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Dr. Miles and the Chantek Foundation have a vision of the future . . .


 where great apes in captivity can live in comfortable surroundings, can make choices in their daily lives about their activities, and can engage in meaningful, interesting work whenever they choose. We call this vision The Primate Cultural Center.




Dr. Miles envisions the Center as a biopark cultural center where enculturated apes such as Chantek can use symbols, tools, and computers while living freer and more interesting lives in culture-bearing communities. Great apes in the Cultural Center will be residents, and the activities they perform will replicate the mental challenges they would face in natural settings. Most captive primate habitats attempt to replicate some of the natural physical surroundings, but leave the mental challenges as secondary. The Primate Cultural Center will place mental activities at the core. Researchers, and visitors, will observe cultural processes in the enculturated and dual-cultured communities of great apes. This will be the first Center in the world with such a focus.




A key concept is agency. Enculturated great apes would be seen as persons and as agents not as captive objects or experimental subjects in a collection. They would live in social groups of their own choosing and each morning would select activities for the day. They might wish to spend the day playing in trees, communicating symbolically through sign language or making tools or art objects, or play tic tac toe with a visitor.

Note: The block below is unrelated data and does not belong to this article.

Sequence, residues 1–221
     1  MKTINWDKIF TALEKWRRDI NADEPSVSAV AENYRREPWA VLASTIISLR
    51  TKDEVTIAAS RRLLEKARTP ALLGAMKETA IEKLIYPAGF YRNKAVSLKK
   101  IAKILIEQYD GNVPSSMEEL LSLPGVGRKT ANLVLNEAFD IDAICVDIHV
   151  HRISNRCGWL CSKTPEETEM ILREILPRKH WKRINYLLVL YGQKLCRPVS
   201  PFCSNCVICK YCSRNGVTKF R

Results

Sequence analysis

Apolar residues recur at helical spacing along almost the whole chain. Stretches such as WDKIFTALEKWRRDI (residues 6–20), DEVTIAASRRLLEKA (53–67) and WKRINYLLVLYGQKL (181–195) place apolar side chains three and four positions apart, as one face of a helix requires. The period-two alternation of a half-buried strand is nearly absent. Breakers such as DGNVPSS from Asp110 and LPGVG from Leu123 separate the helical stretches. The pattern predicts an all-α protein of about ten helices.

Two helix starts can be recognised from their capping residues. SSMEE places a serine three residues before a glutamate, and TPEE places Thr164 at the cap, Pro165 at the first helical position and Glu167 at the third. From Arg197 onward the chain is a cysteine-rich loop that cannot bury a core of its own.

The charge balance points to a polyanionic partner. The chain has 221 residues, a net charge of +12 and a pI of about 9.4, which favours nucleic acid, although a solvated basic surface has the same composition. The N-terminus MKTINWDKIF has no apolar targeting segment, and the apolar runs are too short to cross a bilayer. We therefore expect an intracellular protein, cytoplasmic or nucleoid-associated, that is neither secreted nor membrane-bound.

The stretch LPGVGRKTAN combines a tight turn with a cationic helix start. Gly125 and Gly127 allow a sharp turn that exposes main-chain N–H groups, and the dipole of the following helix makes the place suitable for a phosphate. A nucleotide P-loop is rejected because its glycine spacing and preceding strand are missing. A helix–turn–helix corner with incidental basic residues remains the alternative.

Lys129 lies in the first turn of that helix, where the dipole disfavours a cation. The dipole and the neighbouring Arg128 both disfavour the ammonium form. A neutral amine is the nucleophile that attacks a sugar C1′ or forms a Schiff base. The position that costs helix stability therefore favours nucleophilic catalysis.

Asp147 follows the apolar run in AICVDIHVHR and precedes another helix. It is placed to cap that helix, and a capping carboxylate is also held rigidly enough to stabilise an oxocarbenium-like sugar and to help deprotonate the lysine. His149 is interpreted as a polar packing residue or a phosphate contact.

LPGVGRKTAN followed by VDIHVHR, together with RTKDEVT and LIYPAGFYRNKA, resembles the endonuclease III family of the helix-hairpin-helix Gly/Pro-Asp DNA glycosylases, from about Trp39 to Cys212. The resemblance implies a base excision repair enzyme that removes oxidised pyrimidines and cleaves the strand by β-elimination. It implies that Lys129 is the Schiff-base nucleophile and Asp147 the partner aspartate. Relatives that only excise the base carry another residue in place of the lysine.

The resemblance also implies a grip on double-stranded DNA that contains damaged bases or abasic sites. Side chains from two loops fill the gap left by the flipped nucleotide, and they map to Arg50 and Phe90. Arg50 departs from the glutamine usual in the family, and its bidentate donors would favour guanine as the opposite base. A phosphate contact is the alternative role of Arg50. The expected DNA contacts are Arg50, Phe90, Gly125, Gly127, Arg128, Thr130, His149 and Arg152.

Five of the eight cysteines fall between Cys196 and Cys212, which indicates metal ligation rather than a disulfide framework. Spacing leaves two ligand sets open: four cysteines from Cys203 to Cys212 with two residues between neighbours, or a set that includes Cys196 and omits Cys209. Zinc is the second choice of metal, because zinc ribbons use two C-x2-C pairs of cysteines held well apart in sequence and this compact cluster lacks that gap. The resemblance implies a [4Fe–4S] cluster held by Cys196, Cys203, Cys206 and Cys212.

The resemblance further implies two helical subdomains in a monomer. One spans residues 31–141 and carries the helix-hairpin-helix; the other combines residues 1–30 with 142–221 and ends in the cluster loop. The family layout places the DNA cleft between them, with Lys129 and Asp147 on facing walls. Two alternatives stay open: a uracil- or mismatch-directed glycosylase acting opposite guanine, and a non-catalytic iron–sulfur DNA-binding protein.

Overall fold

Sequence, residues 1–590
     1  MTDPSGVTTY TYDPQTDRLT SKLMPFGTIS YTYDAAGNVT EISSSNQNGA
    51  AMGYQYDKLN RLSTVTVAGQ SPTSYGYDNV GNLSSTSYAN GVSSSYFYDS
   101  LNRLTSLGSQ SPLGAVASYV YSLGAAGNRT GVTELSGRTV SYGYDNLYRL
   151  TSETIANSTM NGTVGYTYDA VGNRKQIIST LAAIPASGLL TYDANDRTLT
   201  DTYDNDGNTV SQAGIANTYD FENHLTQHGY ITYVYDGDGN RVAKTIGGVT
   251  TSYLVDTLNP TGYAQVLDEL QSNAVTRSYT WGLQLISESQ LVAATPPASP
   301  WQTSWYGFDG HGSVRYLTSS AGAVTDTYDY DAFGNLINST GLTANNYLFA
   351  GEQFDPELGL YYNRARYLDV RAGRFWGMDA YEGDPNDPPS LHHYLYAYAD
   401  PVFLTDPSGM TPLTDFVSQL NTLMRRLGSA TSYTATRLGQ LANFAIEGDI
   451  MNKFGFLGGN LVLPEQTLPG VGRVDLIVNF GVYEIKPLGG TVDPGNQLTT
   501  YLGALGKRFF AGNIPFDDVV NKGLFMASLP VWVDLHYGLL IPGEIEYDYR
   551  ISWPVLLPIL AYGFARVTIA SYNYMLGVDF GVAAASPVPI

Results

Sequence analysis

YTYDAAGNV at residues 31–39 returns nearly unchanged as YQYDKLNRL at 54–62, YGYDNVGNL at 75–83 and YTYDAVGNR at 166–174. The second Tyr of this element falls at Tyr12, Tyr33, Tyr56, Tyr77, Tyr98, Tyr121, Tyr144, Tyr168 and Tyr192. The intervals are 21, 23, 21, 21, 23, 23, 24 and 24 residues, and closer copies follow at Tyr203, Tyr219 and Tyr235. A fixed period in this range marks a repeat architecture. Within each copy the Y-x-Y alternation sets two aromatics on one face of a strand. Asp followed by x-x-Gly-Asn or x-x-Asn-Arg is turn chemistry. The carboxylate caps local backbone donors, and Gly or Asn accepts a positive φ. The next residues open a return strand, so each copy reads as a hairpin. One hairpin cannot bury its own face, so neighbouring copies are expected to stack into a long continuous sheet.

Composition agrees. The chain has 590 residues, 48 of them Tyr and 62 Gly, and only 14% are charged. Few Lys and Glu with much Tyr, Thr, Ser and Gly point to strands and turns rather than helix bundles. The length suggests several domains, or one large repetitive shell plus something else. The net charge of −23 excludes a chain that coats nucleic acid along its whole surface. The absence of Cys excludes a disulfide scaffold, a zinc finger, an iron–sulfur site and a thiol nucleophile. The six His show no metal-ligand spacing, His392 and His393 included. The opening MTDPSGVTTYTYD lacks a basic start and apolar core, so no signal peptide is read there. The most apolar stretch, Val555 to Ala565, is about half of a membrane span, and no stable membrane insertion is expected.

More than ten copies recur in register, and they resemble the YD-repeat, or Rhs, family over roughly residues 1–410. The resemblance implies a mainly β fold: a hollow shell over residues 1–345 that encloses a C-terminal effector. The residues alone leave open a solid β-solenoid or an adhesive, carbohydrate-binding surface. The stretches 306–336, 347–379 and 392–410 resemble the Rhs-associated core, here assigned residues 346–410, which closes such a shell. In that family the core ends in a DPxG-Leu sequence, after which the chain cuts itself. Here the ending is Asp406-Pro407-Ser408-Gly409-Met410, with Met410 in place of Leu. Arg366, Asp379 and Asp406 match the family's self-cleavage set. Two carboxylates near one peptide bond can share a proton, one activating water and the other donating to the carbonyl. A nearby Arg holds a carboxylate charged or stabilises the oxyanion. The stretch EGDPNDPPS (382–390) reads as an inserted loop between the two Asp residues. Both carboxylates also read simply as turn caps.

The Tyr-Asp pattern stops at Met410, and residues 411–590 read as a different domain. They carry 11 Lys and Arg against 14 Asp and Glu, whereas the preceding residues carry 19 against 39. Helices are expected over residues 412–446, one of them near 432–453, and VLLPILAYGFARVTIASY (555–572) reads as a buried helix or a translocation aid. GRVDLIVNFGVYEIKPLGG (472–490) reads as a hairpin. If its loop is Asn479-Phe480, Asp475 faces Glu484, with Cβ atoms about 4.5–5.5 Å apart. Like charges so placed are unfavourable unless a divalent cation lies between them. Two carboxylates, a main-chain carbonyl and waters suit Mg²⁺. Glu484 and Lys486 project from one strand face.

Another key concept is “personhood.”The Foundation advocates that Chantek, and all enculturated apes, should be seen as true “orang utans” which means “persons of the forest”, and should be declared as legal persons under the law at an appropriate time in the future. Dr. Miles and the Chantek Foundation are working with other primatologists to make this Center, and this goal, a reality, not only for Chantek for but for all great apes of twenty-first century.




Conservation will be a strong message. Dr. Miles has also observed orangutans in Borneo, and has a passionate commitment to orangutan conservation. The Primate Cultural Center would have an active conservation and education program to make everyone aware of the challenges orangutans face.